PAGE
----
unless-stopped: Always restart the container, unless it was explicitly stopped as shown above.
always: Similar to
unless-stopped, but when Docker itself restarts, even containers that were explicitly stopped will restart.
It is possible to change the restart policy of existing, possibly running containers:
A use case for changing the restart policy of existing containers is performing maintenance in production. For example, before upgrading the Docker version, we may want to change all containers restart policy to
always, so they will restart as soon as the new version is up and running. However, if some containers are stopped and not needed at the moment, we can change their restart policy to
A container can also be frozen with the
pause command. Docker will freeze the process using croups. MariaDB will not know that it is being frozen and, when we
unpause it, MariaDB will resume its work as expected.
unpause accept one or more container names. So, if we are running a cluster, we can freeze and resume all nodes simultaneously:
Pausing a container is very useful when we need to temporarily free our system's resources. If the container is not crucial at this moment (for example, it is performing some batch work), we can free it to allow other programs to run faster.
Troubleshooting a Container
If the container doesn't start, or is not working properly, we can investigate with the following command:
This command shows what the daemon sent to the stdout since the last attempt of starting - the text that we typically see when we invoke
mysqld from the command line.
On some systems, commands such as
docker stop mariadbtest and
docker restart mariadbtest may fail with a permissions error. This can be caused by AppArmor, and even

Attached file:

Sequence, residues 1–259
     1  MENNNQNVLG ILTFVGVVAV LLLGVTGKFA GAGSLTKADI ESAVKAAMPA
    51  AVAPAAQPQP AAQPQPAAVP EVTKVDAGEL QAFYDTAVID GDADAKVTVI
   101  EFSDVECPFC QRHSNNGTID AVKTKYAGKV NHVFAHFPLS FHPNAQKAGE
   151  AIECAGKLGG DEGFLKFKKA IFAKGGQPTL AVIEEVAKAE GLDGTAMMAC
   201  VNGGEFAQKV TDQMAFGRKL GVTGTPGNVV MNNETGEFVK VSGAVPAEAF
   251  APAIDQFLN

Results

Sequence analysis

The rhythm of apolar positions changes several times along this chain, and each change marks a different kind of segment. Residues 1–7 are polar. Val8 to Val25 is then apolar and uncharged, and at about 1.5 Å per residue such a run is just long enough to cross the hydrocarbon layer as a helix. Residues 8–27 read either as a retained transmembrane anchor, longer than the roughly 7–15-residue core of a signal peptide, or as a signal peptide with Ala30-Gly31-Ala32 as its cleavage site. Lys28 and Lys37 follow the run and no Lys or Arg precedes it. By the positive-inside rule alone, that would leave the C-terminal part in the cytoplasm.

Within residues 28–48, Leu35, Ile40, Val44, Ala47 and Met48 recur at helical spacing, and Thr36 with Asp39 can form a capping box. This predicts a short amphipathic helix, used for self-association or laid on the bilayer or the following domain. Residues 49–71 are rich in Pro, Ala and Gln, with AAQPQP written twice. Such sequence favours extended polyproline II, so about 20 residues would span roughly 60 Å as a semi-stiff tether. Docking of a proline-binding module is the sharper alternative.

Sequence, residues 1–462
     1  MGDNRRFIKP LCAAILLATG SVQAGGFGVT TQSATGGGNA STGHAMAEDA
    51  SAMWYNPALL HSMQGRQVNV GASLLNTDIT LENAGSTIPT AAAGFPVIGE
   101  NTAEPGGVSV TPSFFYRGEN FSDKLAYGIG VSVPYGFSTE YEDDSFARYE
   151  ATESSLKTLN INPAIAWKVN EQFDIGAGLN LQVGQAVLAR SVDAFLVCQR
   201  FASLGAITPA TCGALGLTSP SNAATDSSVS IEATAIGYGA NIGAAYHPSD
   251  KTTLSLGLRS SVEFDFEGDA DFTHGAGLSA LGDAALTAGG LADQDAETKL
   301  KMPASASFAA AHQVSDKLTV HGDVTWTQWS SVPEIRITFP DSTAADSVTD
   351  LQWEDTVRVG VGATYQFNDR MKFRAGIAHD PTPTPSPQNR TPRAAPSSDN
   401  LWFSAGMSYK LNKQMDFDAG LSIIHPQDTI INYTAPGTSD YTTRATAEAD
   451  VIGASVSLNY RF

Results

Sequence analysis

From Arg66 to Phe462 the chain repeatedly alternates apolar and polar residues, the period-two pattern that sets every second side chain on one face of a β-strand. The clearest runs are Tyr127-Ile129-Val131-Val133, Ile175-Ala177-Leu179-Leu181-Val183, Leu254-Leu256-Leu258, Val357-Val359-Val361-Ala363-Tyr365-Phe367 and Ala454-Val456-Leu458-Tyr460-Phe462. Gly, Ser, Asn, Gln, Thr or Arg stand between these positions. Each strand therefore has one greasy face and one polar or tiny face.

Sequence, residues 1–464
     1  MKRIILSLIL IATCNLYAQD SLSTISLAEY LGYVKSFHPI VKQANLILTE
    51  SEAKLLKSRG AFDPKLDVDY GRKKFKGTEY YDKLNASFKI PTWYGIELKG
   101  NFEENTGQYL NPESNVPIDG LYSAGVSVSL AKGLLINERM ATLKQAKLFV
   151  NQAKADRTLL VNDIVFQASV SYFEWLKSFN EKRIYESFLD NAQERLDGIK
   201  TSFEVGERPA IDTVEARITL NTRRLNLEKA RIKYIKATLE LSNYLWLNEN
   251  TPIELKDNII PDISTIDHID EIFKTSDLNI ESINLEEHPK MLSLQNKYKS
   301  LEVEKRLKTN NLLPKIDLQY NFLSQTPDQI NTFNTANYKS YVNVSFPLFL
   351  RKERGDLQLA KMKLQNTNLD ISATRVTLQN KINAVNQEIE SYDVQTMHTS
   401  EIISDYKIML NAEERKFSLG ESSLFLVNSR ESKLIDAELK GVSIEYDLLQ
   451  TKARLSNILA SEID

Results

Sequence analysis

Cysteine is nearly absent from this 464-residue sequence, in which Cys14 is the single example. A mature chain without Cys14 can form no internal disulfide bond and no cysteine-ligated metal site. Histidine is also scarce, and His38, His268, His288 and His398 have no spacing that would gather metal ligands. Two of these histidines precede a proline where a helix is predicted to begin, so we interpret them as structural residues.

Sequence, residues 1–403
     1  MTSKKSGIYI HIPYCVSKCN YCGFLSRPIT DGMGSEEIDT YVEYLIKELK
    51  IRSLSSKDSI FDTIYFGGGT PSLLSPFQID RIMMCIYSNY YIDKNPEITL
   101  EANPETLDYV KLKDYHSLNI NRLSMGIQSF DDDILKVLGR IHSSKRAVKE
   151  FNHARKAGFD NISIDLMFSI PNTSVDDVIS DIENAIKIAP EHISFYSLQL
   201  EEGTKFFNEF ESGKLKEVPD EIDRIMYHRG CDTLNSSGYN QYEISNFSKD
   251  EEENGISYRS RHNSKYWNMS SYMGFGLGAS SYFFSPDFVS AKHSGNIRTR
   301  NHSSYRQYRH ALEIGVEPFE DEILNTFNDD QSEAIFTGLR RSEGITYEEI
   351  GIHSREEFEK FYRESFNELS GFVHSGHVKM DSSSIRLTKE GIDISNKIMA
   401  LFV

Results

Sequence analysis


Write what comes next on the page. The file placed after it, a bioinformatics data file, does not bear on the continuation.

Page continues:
sudo won't allow you to execute the command. In this case, you will need to find out which profile is causing the problem and correct it, or disable it. Disabling AppArmor altogether is not recommended, especially in production.
To check which operations were prevented by AppArmor, see AppArmor Failures in AppArmor documentation.
To disable a profile, create a symlink with the profile name (in this example,
etc/apparmor.d/disable, and then reload profiles:
For more information, see Policy Layout in AppArmor documentation.
After disabling the profile, you may need to run:
Restarting the system will then allow Docker to operate normally.
Accessing the Container
To access the container via Bash, we can run this command:
Now we can use normal Linux commands like cd, ls, etc. We will have root privileges. We can even install our favorite file editor, for example:
In some images, no repository is configured by default, so we may need to add them.
Note that if we run mysqladmin shutdown or the SHUTDOWN command to stop the container, the container will be deactivated, and we will automatically exit to our system.
Connecting to MariaDB from Outside the Container
If we try to connect to the MariaDB server on